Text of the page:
16. Adane L, Patel DS, Bharatam PV: Shape- and chemical feature-based 3D-pharmacophore model generation and virtual screening: identification of potential leads for P. falciparum DHFR enzyme inhibition. ChemBiol Drug Des. 2010, 75: 115-126. 10.1111/j.1747-0285.2009.00908.x.View ArticleGoogle Scholar
  17. Kasam V, Salzemann J, Botha M, Dacosta A, Degliesposti G, Isea R, Kim D, Maass A, Kenyon C, Rastelli G, Hofmann-Apitius M, Breton V: WISDOM-II: screening against multiple targets implicated in malaria using computational grid infrastructures. Malar J. 2009, 8: 88-10.1186/1475-2875-8-88.PubMed CentralView ArticlePubMedGoogle Scholar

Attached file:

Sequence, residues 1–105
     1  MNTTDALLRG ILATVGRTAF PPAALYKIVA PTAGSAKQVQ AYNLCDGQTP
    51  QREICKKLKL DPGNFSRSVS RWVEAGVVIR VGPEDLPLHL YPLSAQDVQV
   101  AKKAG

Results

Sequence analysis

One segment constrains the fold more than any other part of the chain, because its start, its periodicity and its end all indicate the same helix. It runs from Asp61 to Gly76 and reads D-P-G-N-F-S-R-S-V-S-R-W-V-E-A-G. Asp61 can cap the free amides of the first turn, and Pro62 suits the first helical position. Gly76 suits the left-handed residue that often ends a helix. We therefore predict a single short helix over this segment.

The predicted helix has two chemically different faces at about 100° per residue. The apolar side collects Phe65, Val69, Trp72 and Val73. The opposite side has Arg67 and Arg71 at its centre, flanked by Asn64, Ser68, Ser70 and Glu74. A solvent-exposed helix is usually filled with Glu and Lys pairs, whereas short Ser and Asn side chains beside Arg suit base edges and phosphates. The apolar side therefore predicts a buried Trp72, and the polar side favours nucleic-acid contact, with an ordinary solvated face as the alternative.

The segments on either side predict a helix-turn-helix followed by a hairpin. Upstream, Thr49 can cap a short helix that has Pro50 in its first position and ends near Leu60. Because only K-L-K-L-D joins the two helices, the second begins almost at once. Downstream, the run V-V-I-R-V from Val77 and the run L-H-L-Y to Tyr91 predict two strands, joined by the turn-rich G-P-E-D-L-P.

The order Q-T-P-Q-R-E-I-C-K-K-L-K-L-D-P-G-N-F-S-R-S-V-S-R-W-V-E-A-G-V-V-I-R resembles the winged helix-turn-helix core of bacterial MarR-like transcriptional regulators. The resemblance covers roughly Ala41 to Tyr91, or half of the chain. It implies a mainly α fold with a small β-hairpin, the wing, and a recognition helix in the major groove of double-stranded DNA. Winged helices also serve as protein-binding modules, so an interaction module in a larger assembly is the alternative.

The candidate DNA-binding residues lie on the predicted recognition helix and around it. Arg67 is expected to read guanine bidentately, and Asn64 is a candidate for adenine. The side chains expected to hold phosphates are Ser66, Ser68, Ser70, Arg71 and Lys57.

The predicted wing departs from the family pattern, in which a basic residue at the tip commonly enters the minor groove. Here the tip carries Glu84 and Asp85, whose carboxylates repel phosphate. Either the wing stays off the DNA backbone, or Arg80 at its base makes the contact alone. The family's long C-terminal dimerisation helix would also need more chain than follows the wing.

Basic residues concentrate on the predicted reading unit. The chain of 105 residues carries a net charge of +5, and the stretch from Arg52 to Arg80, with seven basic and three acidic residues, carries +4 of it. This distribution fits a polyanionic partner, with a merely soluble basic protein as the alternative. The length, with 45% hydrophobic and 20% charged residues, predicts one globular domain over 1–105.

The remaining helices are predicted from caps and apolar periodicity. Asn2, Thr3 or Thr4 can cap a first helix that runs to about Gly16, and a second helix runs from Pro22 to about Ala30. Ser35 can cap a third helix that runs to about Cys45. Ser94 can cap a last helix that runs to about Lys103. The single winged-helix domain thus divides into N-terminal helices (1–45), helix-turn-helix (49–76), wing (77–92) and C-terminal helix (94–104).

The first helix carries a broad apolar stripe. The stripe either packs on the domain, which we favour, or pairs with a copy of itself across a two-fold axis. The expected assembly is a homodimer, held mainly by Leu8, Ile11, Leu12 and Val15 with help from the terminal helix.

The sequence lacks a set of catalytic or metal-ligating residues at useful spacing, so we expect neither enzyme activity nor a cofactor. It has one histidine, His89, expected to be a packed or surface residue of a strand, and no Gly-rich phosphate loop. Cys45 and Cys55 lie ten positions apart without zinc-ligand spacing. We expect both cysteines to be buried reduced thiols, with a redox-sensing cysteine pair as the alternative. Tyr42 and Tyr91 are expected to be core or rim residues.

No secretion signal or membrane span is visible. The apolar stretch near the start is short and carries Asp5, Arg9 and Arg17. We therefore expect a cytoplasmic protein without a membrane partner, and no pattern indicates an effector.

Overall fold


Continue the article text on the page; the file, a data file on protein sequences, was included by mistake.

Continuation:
18. Zartler ER, Shapiro MJ, eds: Fragment-Based Drug Discovery. A Practical Approach. 2008, John Wiley & SonsGoogle Scholar
  19. Erwin Schrodinger: What is Life? Macmillan. 1946Google Scholar
  20. Abbott D, Davies PCW, Pati AK, Eds: Quantum Aspects of Life. 2008, Imperial College PressGoogle Scholar
  21. Mulliken RS: Molecular science: some reminiscences. J Chem Phys. 1965, 43: S2-11. 10.1063/1.1701510.View ArticleGoogle Scholar
  22. Morokuma K: Why do molecules interact? The origin of electron donor-acceptor complexes, hydrogen bonding and proton affinity. Acc Chem Res. 1977, 10: 294-300. 10.1021/ar50116a004.View ArticleGoogle Scholar
  23. Glendenning ED, Streitwieser A: Natural energy decomposition analysis: An energy partitioning procedure for molecular interactions with application to weak hydrogen bonding, strong ionic, and moderate donor-acceptor interactions. J Chem Phys. 1994, 100: 2900-2909. 10.1063/1.466432.View ArticleGoogle Scholar